We spent our time at their house, sitting by the lake, or going for walks in the surrounding countryside. The house, to me, was a symptom of George and Elizabeth’s romantic worldview. When I got out of the car, I knew that there could be no other house for them. This place was straight out of a fairy tale. It could have been one of those ceramic miniature cottages you see for sale in gift shops. The thatched roof, the hanging kerosene lamp, the cobblestone walls, the little red gate, the Dutch door with its bottom-half shut, the lilacs growing down the wall like Nature’s tapestry, were all qualities that spoke to George and Elizabeth’s collective identity.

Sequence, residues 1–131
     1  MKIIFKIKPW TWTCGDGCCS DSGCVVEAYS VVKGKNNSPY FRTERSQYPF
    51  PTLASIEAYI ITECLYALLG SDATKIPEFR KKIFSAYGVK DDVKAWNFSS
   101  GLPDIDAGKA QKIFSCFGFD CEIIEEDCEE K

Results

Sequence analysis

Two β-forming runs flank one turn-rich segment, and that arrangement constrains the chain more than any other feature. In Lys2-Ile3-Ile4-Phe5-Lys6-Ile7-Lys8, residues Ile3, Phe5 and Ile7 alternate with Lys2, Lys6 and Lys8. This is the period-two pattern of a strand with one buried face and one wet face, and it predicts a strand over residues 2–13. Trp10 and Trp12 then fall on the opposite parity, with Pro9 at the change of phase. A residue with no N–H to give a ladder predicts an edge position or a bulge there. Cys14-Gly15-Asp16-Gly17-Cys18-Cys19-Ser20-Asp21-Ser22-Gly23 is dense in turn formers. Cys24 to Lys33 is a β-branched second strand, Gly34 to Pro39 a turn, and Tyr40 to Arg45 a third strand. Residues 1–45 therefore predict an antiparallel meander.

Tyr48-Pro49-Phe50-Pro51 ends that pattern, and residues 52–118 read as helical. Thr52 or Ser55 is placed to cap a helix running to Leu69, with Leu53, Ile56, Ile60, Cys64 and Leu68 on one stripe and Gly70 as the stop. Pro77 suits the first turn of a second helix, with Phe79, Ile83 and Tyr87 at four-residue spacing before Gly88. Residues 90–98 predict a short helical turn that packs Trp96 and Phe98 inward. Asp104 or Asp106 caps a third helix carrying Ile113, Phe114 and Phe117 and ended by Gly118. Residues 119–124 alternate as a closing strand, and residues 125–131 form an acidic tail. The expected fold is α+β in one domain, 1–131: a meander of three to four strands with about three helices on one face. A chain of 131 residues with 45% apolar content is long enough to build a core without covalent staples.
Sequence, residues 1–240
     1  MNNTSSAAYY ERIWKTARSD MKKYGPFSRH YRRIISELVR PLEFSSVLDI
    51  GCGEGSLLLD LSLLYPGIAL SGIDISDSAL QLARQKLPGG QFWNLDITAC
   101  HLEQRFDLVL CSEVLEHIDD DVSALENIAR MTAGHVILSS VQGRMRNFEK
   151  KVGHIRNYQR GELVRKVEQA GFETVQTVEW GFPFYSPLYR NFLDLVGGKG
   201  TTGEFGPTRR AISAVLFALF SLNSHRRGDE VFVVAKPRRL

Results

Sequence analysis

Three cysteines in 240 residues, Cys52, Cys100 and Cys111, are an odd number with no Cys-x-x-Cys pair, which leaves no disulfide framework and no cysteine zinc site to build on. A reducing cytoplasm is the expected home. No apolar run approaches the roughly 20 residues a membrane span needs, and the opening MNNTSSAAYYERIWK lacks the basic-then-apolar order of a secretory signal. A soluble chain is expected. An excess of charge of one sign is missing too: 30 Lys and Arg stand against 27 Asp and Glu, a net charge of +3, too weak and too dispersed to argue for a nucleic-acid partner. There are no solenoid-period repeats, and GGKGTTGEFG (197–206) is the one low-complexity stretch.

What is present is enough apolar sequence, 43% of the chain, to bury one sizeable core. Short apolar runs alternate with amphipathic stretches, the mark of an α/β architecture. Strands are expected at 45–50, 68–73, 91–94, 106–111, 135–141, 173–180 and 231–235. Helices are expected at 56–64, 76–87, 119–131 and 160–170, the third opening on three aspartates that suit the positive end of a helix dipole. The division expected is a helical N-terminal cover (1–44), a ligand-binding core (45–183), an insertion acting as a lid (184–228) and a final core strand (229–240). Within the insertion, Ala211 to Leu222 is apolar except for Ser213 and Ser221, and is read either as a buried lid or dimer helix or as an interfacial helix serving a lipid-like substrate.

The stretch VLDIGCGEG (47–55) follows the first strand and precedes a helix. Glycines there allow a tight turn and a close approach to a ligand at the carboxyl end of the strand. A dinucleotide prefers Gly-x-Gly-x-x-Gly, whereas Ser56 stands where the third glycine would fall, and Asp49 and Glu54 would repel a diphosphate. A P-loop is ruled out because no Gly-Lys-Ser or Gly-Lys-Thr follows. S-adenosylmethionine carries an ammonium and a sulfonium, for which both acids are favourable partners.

As we stepped inside I told them that the house reminded me of the holiday homes from my childhood vacations to places like Wales, Devon, and Normandy; the downstairs a single room, no TV, windows flung open, a few troublesome houseflies, great wooden roofbeams holding up the ceiling. There was no TV and no Playstation- instead; there were boxes of audiobooks and old board games. It gave me the feeling of being on vacation, and Elizabeth echoed this sentiment, saying that the house had a vibe not unlike that of her family’s summer cabin in the Wisconsin northwoods. It was just so charmingly disconnected from urban life. Aside from its romantic, rural qualities, I was also struck by how “lived-in” it felt. They had really furnished the place into a home, a place of their own, a place of love. The house was brought to life by the little things- the tins of spices and teas on the old shelves, George’s handsome collection of tobacco pipes, the framed photos of them together that made ascension of the staircase a timeline of their relationship- which caused me to think of the house as a house of marriage. Elizabeth delighted in showing me their honeymoon photos, kept in large old school albums underneath the wooden coffee table. We drank beer that she and George had brewed themselves. When the horse in field opposite the house started staring at us through the window, we cut up some apples and went out to feed him. We sat on a large rock by the lake and marveled that all this was even happening, ticking off all the coincidences on memory lane that contrived to bring a country girl raised in the shadow of Lambeau Field and a kilt-wearing Oxfordshire Brit to building a life together in the western Irish countryside- as well as the little coincidences that facilitated my humble cameo to their story. It’s quite a thing, I said.